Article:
‘Stay home, don’t visit during Easter’ says EOHU

EOHU Chief Medical Officer Dr. Paul Roumeliotis via Zoom

CORNWALL – The message from Eastern Ontario Health Unit Medical Officer of Health Dr. Paul Roumeliotis is clear, don’t go out visiting during the Easter holiday.

“People should not be gathering, not going out and visiting others,” Roumeliotis said during his April 9th briefing with local media. “It goes against what we’re saying. Keep your social distance.”

The provincial government ordered two weeks ago that public gatherings of more than five people were prohibited in order to physically distance people and slow the spread of COVID-19.

“People seem to be thinking that number, five, that you can play with it. No. Don’t go bring grandma over, even if your house has less than five people.”

The doctor clarified that households that have more than five people living under the same roof is fine, like a family with two parents and four kids.

Roumeliotis said the regulation is clear, “you cannot have social gatherings with more than five people.”

As of April 10th, there have been a total of 49 people in the EOHU service region who have tested positive for COVID-19. Of those 49 people, 28 cases as of April 9th have been resolved, while 21 cases are still dealing with the virus. The health unit no longer reports how many cases are in each area of the health unit: Stormont, Dundas, and Glengarry; Prescott-Russell; or the City of Cornwall.

Roumeliotis said that three people were currently in hospital, down from four the day before.

While most of the positive cases in the region before March 26th were travel related, since then, the majority of the positive cases were from close-contact or community transmission.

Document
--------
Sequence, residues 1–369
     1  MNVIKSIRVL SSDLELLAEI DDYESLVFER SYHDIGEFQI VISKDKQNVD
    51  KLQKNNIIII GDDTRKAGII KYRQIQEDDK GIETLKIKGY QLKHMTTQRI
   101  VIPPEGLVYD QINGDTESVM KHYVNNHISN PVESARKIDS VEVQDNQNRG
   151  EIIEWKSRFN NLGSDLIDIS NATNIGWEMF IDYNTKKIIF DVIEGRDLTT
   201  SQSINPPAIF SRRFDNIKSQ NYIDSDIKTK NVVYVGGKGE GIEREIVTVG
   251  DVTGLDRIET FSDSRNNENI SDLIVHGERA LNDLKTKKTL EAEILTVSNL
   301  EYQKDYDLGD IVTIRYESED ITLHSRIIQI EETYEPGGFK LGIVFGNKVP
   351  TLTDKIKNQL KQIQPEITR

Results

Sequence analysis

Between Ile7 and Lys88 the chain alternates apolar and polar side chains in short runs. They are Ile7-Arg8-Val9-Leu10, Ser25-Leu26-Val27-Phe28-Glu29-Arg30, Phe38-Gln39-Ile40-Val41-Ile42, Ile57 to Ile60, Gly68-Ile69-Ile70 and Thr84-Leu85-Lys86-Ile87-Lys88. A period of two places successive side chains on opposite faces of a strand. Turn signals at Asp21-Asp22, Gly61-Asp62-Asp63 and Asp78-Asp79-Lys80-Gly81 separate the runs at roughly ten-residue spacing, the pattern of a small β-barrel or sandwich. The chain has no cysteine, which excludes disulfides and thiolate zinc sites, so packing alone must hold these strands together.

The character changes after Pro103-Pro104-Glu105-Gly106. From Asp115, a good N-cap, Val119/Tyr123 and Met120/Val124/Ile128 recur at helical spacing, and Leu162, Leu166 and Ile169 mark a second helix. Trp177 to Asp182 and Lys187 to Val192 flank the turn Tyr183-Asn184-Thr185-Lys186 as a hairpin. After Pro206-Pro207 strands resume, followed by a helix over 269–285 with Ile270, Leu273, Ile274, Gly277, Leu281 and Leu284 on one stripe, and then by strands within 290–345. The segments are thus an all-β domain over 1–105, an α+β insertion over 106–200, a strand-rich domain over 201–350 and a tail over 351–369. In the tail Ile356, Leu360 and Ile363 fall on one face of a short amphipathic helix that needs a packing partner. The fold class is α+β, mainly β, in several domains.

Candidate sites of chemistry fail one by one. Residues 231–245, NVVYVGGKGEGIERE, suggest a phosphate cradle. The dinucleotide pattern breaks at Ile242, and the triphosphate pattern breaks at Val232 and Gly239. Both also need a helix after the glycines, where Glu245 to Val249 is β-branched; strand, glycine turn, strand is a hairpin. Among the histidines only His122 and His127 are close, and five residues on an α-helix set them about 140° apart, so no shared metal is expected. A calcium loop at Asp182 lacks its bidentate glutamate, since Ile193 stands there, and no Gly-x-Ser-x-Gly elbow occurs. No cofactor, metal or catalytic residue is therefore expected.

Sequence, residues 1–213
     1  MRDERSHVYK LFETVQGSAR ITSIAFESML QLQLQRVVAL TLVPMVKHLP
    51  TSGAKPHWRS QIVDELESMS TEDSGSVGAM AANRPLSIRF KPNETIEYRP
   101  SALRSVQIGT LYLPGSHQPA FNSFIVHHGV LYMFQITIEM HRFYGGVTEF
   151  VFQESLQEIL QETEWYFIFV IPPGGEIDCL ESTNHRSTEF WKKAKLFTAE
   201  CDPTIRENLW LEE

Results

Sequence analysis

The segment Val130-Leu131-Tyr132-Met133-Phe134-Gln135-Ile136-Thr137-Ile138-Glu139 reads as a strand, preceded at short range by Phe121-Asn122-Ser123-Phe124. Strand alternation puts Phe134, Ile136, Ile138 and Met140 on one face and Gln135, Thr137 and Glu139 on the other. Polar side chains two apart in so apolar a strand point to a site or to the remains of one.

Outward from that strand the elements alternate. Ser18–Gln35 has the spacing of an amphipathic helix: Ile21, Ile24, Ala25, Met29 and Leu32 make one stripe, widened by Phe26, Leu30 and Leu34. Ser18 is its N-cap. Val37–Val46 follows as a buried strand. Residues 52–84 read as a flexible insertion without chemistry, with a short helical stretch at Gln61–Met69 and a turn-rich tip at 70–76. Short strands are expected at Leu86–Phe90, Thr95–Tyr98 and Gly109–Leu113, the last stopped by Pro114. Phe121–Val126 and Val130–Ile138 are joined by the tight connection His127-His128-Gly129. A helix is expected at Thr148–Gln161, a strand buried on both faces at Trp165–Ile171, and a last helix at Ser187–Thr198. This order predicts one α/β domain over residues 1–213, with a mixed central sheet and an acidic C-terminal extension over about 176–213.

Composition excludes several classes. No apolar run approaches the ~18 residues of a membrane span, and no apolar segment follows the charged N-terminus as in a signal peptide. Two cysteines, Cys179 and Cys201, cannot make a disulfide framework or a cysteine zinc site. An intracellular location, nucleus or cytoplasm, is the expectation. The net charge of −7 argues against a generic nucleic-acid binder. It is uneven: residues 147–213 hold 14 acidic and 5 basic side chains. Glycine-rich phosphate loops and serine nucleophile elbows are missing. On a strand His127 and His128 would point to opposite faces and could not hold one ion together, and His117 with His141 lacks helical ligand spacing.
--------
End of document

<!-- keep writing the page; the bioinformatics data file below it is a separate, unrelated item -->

He said that while case numbers appear to be flattening in the province and that Ontario has less cases than in Quebec, it doesn’t mean people should back off from the physical/social distancing that has been ongoing.

“It’s quite important over the next two weeks not to assume we’re flattening the curve and get complacent,” Roumeliotis said. “We have to assume it is in our backyard and we have to keep moving forward with the public health measures.”

The doctor warned that if there was a spike in numbers, further restrictions could be put in place such as cerfews, limiting the sizes of groups to two, or more business and workplace closures. Already the health unit has had to issue a Section 22 order to deal with crowding in some stores that are still allowed to open, where physical distancing and occupancy were not being monitored.

Roumeliotis said that people should still have a good Easter or Passover, “or a virtual one.”



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